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Art & Inspiration school me on benchtop lathes

Discussion in 'The Hokey Ass Message Board' started by GreenGrenade, Oct 13, 2012.

  1. Shane Spencer
    Joined: Oct 3, 2009
    Posts: 2,159

    Shane Spencer
    Member

    ive been looking up lathes lately. found some benchtops on craigslist for what seem like decent prices. i guess what im looking for is info from guys at home. what should i look for in a lathe, certain aspects, tooling etc. what features will a guy in a home garage really need or use. what brands have you guys had success with, what should i stay away from. i think this can really open up opportunities to make some bitchin stuff. thanks for any and all help and opinions
     
  2. Mr48chev
    Joined: Dec 28, 2007
    Posts: 27,536

    Mr48chev
    ALLIANCE MEMBER

    I've been hunting an older Atlas lathe for years but haven't picked up one yet. 40's /50's lathe that you often saw in a high school metal/machine shop years ago but they are pretty simple and there is stuff available for them.
     
  3. Shane Spencer
    Joined: Oct 3, 2009
    Posts: 2,159

    Shane Spencer
    Member

    Yeah, i rent a garage and the owner of the property just picked up a small lathe. Its such a cool unit. So many possibilities with a tool like that

    Sent from my DROID device using the TJJ mobile app
     
  4. I bought a Logan at a yard sale and and fixed it up, I'm not an expert but the more tooling and bits the better. One with a power cross feed and a compound rest is handy. When you find yours mount it on a sturdy bench , the heaver the better, in a well lit dry area.

    [​IMG]
     

  5. Deuces
    Joined: Nov 3, 2009
    Posts: 18,726

    Deuces
    Member
    from Michigan

    I bought the 7 X 10 from H.F. about 5 years ago... I still haven't tried it out yet...:eek::eek:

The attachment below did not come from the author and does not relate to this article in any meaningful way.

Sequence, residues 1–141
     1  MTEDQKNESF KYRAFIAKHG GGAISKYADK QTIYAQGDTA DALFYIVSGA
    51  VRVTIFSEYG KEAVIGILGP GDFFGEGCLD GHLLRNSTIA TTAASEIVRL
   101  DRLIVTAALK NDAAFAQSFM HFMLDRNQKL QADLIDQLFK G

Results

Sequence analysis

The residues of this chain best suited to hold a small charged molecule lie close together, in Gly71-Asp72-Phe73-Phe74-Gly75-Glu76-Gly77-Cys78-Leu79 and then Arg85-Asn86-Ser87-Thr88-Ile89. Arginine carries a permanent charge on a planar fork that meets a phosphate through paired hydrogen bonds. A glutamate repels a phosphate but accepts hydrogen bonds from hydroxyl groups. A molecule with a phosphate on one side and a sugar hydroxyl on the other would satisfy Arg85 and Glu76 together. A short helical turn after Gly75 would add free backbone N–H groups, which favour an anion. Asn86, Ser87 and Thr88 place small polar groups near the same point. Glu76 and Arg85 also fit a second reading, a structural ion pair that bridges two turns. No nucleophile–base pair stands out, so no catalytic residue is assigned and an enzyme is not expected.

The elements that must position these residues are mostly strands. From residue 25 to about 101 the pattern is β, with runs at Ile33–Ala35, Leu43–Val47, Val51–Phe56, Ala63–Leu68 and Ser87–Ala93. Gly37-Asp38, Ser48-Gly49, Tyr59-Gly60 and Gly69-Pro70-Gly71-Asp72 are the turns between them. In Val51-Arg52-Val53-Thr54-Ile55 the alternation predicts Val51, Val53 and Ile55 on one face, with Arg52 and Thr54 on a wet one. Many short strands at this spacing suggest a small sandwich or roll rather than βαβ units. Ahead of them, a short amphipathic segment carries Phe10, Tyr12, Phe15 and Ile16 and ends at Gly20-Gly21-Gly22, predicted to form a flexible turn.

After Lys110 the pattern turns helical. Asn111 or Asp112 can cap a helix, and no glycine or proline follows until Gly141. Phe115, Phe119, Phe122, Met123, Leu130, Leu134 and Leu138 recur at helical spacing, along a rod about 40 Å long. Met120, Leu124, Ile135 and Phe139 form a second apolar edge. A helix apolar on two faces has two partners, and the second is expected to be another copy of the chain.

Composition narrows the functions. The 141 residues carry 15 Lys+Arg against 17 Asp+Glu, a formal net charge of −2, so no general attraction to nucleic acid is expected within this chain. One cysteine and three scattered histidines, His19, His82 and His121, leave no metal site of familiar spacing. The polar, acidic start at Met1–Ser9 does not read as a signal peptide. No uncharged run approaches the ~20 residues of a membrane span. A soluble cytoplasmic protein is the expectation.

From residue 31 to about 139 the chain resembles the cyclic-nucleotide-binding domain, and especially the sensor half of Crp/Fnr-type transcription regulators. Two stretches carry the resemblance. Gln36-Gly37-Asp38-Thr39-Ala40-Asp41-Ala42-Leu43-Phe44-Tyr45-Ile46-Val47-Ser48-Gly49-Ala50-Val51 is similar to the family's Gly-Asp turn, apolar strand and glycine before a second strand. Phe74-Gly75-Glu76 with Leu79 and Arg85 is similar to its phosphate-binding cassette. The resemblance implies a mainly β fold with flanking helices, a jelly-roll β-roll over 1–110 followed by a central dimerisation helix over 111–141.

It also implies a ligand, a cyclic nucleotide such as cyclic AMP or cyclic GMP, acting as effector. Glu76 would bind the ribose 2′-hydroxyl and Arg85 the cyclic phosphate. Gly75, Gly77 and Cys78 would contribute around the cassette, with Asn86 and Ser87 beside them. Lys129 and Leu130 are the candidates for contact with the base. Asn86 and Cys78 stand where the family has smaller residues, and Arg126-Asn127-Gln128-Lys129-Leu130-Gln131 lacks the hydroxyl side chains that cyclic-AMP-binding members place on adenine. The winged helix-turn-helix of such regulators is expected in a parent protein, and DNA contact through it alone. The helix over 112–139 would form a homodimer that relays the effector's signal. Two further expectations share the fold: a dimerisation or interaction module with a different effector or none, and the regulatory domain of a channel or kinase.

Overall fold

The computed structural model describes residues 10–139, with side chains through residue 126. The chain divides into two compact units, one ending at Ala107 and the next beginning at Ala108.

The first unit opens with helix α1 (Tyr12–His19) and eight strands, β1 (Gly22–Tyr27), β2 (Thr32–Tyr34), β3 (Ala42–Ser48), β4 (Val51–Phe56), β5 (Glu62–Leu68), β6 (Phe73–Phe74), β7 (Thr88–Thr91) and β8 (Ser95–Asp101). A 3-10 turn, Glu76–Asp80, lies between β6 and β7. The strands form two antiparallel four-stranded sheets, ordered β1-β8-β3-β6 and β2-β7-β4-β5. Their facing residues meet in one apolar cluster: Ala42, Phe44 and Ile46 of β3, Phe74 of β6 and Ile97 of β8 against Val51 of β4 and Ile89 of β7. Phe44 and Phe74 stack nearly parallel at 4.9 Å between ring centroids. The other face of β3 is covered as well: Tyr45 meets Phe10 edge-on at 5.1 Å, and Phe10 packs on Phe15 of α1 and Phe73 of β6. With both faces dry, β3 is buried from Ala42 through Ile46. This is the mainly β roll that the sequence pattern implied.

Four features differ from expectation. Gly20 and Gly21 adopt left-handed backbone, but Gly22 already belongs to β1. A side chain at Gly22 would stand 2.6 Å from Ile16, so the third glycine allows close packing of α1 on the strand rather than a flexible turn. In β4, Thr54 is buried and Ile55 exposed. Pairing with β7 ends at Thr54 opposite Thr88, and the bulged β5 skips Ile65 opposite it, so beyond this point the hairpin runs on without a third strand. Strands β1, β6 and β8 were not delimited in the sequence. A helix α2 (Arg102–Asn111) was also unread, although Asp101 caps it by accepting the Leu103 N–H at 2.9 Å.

I'll probably get "burned" for this..:eek:
     
  6. Willy301
    Joined: Nov 16, 2007
    Posts: 1,426

    Willy301
    Member

    Tooling is always a bonus, but you should look for something with a 3 jaw self centering chuck and a 4 jaw independent chuck, so you can chuck up oddly shaped items. Power crossfeed is great, and a quick change tool holder is even better. I bought a floor model from a factory that was upgrading, and mine has a taper attachment as well. They are handy to have, and you can make some parts that are hard to find, or may hold you up for weeks waiting for them to be ordered. I would avoid the chinese ones, their tolerances seem tight when new, but quickly degrade. An older one with a little bit of wear can be dealt with, once you get the feel of the machine. Good luck on your search.
     
  7. snaptwo
    Joined: Apr 25, 2011
    Posts: 696

    snaptwo
    Member

    I would look for an US made machine ,Logan ,Atlas,LeBlond,Sheldon,etc. Support is available. Quick change feeds for threading,power feeds long. &cross, taper attachment is handy, 3 and 4 jaw chucks.and as much tooling as you can lay your hands on. I'm not going to bash some of the imports as the lack of support , parts and tech. is doing that job for me.
     
  8. Shane Spencer
    Joined: Oct 3, 2009
    Posts: 2,159

    Shane Spencer
    Member

    Cool. Thanks for the info guys. I just think it will be awesome to make stuff. The precision with these is awesome, i need to keep stocking up the piggy bank ! Hahah

    Sent from my DROID device using the TJJ mobile app
     
  9. I have and use one. I'll try and get some pics later today and post 'em up. It works good, I make custom bike parts on it quite often. It takes a little finesse and patients to work with because it's old but then isn't that to be expected.
     
  10. redeyewelder
    Joined: Sep 26, 2011
    Posts: 120

    redeyewelder
    Member
    from ten

    i love my old chraftsman...picked it up at a buddies shop ,,pushed to the back to make room for a bigger import ;-(.. that he has had nothing but problems out of...sux for him ,,,great for me...
     
  11. Deuces
    Joined: Nov 3, 2009
    Posts: 18,726

    Deuces
    Member
    from Michigan

    Last edited: Oct 14, 2012
  12. shawnspeed
    Joined: Sep 10, 2009
    Posts: 165

    shawnspeed
    Member
    from Attica Mi